• A Boy Called Christmas

    A Boy Called Christmas


    This was fun and festive for sure - and it's always awesome to see Smith, Broadbent and Hawkins (playing a villain!) The first two-thirds moves pretty quickly, then it starts to feel a bit long. I appreciated the attempts at humor but not much of it landed for me - only the droll sarcasm by Dame Smith did.

  • The Boy Behind the Door

    The Boy Behind the Door


    This was freakin' fantastic. Incredibly tense, gorgeously shot and edited and impressive performances - especially by young Chavis, who puts many of his adult peers to shame. I loved the simplicity of the harrowing and disturbing story. These directors have a blindingly bright future.

  • Candyman



    I just rewatched both films - and doggone it if I don't prefer this one. I even bumped my initial rating up a quarter-star.

    The first movie just has too many narrative and plot problems -- especially: what's Candyman's deal? What does he want? I'm still confused.

    This film is much more successful in telling a coherent story - plus it connects to the o.g. Candyman in satisfying ways.

  • Candyman



    I'm surprised Helen didn't die of lung cancer first!

  • Dreams Don't Die

    Dreams Don't Die


    Thanks to Style Wars and its cinematic cousins, I'm endlessly interested in this important artistic/social era in NYC history.

    Although the plotting here is just so-so at times, many other elements work great, including SPECTACULAR location shooting, committed performances (including a great role for Winfield) and a frankly inspiring message.

  • Bright Lights, Big City

    Bright Lights, Big City


    A decent adaptation of an enormously influential and popular novel, this suffers with Fox in the lead. He's talented at some things but just doesn't have the dramatic chops to make us want to root for our hero. (A tough task, considering he's often a selfish ass -- although there are certainly layers to the character.) Robert Downey Jr might've been a better choice?

    Sutherland is perfectly cast here, and mid-late 80s NYC looks great.

    The standout scene is a bedroom conversation between Fox and Wiest, who was at the peak of her thespianic powers.

    2.75 stars.

  • The Night House

    The Night House


    This was one of those films where the more details were revealed, the more confused I became and I started caring less and less about how things would turn out.

    There are some individually creepy moments here are there that work well. Hall seems overqualified for the part, though: like an actress with her talents (see: Christine) shouldn't be slumming it in such an inconsequential movie. Her performance is incredibly intense and she's working on a distractedly different level than the rest of the cast.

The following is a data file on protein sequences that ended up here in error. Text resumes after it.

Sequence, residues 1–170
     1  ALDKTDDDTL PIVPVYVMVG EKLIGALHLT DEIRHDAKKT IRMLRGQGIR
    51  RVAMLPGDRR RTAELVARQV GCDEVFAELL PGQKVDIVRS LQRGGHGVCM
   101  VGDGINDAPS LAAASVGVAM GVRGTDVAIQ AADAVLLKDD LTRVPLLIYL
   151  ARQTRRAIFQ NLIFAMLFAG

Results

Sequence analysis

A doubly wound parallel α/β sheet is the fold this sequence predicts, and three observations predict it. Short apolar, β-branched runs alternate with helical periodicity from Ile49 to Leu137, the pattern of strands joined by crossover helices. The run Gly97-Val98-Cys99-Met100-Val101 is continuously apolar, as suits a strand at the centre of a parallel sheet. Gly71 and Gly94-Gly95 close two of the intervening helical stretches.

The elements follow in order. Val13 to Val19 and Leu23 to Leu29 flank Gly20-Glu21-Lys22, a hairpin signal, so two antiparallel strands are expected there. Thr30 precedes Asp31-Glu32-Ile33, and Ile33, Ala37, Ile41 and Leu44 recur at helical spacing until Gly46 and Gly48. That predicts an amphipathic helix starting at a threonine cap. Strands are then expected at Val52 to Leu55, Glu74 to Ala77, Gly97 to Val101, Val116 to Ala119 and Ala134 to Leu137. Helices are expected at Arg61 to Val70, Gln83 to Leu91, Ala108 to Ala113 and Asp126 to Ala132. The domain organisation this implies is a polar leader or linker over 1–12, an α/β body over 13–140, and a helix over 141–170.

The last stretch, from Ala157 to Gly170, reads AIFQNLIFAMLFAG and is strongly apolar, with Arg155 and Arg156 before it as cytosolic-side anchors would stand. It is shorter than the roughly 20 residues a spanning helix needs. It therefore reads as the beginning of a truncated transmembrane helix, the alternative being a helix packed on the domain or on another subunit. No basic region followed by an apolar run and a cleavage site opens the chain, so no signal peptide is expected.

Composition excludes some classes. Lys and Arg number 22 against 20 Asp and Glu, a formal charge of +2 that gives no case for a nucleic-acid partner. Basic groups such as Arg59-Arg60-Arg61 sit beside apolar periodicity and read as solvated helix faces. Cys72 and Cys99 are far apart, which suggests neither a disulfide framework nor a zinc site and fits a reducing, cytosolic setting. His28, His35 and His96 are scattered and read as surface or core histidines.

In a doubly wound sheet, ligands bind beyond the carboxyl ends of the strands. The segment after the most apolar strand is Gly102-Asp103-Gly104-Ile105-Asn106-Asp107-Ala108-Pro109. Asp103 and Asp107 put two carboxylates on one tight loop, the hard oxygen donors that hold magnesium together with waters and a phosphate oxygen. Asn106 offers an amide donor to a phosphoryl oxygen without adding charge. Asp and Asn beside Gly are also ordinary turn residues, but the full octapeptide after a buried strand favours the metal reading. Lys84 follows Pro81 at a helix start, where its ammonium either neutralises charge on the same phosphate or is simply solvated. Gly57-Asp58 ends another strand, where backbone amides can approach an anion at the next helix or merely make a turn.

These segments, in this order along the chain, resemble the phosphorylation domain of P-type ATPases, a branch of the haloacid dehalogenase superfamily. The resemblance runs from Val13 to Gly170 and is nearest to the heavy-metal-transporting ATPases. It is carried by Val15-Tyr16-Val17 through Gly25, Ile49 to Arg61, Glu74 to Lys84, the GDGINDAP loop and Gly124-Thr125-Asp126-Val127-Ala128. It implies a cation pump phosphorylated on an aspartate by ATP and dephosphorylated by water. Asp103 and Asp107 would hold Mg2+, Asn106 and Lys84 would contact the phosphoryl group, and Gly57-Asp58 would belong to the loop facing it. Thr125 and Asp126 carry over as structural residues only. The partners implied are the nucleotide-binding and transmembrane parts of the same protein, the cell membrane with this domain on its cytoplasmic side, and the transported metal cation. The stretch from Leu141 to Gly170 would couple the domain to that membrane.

• tick, tick...BOOM!

    tick, tick...BOOM!


    This is set during my freshman year at NYU -- and the great recreation of time and place immediately brought me back to walking the streets of the Village on my way to class at 721 Broadway.

    The movie is incredibly frantic and is a lot to take at times. The songs aren't really memorable (I can't say I'm a fan of trying to pack as many words as possible into each verse) and neither are the characters - the…

  • King Richard

    King Richard


    This was great!

    I've been a tennis fan for 30+ years - and Venus Williams is my sports heroine - so I was stoked to see it.

    All the elements fall into place here. Great pace, the script isn't dramatically one-sided (Richard Williams will frustrate you as much as inspire you), and the performances are awesome. I can't say I'm a Smith fan but he is really subtle and effective here - as is Ellis as Oracene. The young actresses are all on point. But I feel like Bernthal really steals the film -- stache an' all.

  • My Brother's Wedding

    My Brother's Wedding


    Although much of the acting is dodgy (to say the least) and scenes are sometimes awkwardly staged, the characters and their world here seemed absolutely real. Silas is solid in the lead, and the ending hits hard.

    My favorite scenes involved father and son playfully wrestling with each other -- and the foot chases where characters stop to change direction and their momentum made them skid. Good stuff.

  • The Norliss Tapes

    The Norliss Tapes


    Very well-written and at times genuinely shocking (the monster attacks!), this features spooky coastal Bay Area locations and the always welcome Dickinson in a great part. I didn't mind the cliffhanger ending - it made the whole movie seem more haunting.

  • Cobra



    I finally caught up with this one!

    Man, is it violent. Easily one of the most violent films I've ever seen -- and it was released during a particularly RAH RAH AMERICA time in the 80s that makes me feel guilty for how much I enjoyed it. And the crime stats that Stallone recites at the opening are way way inflated.

    I had no idea it was based on a novel - by a woman (!) - called Fair Game,…